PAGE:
Electrics, for the dummy

A Treatise on the Importance of Smoke – by Joseph Lucas

All electrical components and wiring harnesses depend on proper circuit functioning, which is the transmission of charged ions by retention of the visible spectral manifestation known as “smoke”.   Smoke is the thing that makes electrical circuits work.  Don’t be fooled by scientists and engineers talking about excited electrons and the like.  Smoke is the key to all things electrical.

We know this to be true because every time one lets the smoke out of an electrical circuit, it stops working.  This can be verified repeatedly through empirical testing.  For example, if one places a large copper bar across the terminals of a battery, prodigious quantities of smoke are liberated and the battery shortly ceases to function.  In addition, if one observes smoke escaping from an electrical component such as a Lucas voltage regulator, it will also be observed that the component no longer functions.

The logic is elementary and inescapable!  The function of the wiring harness is to conduct the smoke from one device to another. When the wiring harness springs a leak and lets all the smoke out of the system, nothing works right afterward.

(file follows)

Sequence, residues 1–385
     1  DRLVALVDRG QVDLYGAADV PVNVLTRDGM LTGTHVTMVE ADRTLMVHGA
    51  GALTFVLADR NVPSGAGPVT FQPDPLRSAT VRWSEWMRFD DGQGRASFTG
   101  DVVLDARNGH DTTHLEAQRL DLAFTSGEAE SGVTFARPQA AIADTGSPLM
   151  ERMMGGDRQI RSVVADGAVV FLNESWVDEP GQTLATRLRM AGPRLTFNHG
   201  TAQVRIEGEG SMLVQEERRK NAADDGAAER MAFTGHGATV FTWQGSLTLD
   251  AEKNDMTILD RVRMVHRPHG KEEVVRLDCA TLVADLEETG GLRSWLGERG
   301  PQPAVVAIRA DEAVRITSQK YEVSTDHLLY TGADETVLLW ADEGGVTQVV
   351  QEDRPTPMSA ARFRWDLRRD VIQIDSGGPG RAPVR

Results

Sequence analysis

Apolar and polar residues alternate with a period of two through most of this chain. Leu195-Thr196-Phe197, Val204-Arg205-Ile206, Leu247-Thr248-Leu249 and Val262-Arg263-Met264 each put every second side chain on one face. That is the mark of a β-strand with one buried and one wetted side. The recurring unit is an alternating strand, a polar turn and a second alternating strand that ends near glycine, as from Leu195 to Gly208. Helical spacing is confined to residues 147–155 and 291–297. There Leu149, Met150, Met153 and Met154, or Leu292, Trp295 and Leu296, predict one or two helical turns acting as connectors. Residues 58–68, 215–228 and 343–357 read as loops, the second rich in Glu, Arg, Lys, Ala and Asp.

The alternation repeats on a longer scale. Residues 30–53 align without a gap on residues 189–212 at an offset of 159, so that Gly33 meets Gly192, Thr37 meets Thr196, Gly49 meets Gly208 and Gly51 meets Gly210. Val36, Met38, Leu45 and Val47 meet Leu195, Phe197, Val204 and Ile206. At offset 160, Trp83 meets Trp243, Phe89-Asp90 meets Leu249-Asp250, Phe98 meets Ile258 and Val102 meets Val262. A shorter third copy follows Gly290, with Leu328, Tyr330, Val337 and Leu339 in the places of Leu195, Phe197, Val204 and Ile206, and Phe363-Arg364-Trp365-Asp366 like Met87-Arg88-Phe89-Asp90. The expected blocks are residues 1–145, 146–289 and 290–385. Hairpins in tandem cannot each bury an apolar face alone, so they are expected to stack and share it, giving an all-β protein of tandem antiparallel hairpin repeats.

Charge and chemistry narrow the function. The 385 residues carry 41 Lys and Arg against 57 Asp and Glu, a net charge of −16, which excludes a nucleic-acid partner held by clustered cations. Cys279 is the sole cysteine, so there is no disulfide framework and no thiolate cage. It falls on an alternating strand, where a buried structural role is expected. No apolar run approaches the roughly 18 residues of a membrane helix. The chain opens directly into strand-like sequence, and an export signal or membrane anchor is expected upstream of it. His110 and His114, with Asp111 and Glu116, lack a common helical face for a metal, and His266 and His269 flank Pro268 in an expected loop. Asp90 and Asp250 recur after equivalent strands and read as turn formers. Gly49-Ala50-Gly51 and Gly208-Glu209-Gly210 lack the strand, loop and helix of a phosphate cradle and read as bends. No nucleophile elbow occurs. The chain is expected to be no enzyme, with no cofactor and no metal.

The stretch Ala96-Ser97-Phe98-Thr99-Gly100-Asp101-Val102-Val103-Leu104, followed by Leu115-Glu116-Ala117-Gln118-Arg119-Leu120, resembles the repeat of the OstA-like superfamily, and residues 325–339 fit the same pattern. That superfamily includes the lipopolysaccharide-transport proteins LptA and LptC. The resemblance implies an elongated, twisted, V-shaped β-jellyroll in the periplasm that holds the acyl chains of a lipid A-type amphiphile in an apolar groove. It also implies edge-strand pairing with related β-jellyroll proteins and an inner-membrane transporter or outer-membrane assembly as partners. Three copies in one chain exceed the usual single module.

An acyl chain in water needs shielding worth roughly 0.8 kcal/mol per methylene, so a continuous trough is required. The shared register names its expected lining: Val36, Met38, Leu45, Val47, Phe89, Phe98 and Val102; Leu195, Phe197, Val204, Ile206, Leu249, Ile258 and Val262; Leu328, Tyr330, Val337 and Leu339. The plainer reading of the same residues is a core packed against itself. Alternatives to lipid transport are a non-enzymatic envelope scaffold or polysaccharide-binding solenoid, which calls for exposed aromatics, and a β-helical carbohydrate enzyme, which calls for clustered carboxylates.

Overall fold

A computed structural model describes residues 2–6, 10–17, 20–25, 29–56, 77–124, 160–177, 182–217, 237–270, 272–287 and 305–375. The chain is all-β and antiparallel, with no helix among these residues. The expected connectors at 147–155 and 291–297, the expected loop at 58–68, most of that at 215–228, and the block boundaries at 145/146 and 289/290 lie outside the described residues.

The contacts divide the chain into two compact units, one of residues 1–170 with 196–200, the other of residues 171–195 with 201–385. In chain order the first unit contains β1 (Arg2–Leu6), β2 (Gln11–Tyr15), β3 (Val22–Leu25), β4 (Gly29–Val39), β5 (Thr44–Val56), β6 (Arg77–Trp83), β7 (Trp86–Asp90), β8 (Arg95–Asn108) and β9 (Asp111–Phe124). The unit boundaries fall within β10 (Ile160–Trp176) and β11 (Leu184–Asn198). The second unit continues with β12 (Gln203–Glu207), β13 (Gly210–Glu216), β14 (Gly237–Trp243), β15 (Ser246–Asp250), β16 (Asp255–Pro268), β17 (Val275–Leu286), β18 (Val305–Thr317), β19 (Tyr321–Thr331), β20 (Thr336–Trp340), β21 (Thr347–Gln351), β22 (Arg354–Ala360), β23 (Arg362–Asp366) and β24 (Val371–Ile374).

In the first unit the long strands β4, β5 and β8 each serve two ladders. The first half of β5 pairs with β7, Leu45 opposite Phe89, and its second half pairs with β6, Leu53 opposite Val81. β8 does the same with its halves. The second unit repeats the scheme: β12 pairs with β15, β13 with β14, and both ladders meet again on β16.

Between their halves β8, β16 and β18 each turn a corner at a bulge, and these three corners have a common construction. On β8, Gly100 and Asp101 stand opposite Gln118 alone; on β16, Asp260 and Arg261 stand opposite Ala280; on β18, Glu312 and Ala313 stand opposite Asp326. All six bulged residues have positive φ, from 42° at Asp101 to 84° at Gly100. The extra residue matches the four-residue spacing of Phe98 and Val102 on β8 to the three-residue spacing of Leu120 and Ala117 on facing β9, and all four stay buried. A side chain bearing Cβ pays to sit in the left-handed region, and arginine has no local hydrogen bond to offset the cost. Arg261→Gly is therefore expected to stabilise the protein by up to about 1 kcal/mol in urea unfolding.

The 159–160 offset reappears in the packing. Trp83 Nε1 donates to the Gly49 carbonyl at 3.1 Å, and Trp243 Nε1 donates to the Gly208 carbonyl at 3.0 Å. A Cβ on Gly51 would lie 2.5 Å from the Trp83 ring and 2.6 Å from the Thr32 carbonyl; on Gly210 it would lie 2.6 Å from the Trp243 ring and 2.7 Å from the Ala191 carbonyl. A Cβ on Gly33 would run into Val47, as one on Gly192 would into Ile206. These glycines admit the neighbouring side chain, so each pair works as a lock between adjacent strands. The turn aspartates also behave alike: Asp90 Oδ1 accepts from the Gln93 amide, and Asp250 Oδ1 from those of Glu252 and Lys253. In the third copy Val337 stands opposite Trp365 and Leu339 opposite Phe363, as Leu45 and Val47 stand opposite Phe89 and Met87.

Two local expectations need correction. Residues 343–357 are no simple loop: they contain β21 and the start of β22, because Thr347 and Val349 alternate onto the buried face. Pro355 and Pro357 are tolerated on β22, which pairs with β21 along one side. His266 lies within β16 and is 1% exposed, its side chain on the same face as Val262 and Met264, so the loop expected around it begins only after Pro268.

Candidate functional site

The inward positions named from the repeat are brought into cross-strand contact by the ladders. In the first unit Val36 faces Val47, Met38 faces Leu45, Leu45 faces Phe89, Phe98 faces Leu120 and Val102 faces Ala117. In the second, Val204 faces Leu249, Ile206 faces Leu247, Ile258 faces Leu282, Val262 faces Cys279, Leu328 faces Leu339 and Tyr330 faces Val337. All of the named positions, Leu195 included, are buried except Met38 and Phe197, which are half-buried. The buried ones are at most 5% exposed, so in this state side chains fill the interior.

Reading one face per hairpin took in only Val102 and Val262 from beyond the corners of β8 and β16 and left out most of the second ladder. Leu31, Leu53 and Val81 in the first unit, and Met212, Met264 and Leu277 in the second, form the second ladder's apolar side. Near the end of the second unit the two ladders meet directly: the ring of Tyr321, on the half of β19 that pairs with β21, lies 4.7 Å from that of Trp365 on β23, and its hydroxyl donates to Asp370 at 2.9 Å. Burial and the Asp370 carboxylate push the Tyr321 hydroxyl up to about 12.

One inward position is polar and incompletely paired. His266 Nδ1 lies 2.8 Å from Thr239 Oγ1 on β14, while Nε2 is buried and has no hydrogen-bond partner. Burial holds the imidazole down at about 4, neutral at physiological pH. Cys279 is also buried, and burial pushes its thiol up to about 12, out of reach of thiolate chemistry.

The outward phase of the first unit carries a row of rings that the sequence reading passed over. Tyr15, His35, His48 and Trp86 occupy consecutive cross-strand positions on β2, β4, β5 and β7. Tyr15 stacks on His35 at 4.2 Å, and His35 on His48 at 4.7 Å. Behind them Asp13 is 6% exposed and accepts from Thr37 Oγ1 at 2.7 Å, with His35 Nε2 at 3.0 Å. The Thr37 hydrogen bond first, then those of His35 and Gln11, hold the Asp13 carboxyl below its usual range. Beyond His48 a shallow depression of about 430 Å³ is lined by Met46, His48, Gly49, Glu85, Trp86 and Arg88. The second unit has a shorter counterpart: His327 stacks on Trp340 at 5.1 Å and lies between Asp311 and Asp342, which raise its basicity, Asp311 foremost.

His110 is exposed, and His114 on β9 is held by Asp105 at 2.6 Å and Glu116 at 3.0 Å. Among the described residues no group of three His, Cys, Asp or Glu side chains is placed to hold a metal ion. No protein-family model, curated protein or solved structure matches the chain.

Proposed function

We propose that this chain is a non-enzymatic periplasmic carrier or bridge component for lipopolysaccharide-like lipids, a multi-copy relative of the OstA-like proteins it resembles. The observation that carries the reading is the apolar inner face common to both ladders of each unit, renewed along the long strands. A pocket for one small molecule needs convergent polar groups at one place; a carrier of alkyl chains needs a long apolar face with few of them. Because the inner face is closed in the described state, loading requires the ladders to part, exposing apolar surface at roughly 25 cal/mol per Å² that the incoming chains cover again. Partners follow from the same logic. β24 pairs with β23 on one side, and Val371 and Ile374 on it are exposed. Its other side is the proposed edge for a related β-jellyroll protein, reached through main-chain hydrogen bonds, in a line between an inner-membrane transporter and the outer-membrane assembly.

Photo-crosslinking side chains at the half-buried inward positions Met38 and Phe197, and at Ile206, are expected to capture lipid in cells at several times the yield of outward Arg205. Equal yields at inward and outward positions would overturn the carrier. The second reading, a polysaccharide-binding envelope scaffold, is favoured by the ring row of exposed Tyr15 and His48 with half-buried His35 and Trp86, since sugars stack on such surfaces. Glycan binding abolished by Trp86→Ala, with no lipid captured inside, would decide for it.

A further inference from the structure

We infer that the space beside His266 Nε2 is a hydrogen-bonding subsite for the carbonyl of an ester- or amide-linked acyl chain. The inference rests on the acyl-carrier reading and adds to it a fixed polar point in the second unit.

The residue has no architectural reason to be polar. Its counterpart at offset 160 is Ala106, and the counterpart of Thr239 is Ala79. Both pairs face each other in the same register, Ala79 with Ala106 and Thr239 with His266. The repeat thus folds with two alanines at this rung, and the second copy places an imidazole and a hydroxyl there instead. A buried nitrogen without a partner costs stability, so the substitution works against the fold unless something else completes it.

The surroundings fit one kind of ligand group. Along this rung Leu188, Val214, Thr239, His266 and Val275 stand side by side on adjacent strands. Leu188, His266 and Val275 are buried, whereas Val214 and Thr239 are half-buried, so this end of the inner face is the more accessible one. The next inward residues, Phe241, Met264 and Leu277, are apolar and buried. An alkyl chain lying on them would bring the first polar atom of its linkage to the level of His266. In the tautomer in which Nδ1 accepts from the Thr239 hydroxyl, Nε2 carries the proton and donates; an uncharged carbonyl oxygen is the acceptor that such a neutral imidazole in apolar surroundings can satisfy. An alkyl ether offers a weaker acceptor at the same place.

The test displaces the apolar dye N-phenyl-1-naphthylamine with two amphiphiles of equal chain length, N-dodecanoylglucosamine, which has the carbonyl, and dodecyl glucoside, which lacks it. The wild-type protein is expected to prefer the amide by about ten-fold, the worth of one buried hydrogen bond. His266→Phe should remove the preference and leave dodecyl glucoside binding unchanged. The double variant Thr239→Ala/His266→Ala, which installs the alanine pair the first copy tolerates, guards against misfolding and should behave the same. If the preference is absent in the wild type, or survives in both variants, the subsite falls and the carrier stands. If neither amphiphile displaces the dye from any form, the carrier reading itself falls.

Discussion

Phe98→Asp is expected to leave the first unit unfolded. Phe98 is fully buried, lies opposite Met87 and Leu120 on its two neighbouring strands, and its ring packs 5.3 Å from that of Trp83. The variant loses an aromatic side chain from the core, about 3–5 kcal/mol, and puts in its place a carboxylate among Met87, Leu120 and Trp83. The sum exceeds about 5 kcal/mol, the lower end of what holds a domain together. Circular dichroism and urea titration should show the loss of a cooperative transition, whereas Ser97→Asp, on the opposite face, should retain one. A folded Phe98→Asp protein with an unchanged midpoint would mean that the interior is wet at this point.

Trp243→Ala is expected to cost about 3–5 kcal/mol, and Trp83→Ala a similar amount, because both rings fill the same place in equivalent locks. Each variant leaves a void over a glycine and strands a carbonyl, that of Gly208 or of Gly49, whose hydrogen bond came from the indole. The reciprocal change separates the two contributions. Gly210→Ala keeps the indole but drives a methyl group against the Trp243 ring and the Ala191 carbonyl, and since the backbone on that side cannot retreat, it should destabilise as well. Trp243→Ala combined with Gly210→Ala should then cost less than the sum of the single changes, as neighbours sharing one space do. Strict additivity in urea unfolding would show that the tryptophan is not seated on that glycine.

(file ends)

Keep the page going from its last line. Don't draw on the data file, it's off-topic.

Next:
Starter motors were considered unsuitable for British motorcycles for some time largely because they regularly released large quantities of smoke from the electrical system.

It has been reported that Lucas electrical components are possibly more prone to electrical leakage than their Bosch, Japanese or American counterparts.  Experts point out that this is because Lucas is British, and all things British leak.  British engines leak oil, British shock absorbers, hydraulic forks, and disk brake systems leak fluid, British tires leak air and British Intelligence leaks national defense secrets.

Therefore, it follows that British electrical systems must leak
smoke.  Once again, the logic is clear and inescapable.

Sometimes you may miss the component releasing the smoke that makes your electrical system function correctly, but if you sniff around you can often find the faulty component by the undeniable and telltale smoke smell.  Sometimes this is a better indicator than standard electrical tests performed with a volt-ohm meter.

In conclusion, the basic concept of transmission of electrical energy in the form of smoke provides a clear and logical explanation of the mysteries of electrical components and why they fail.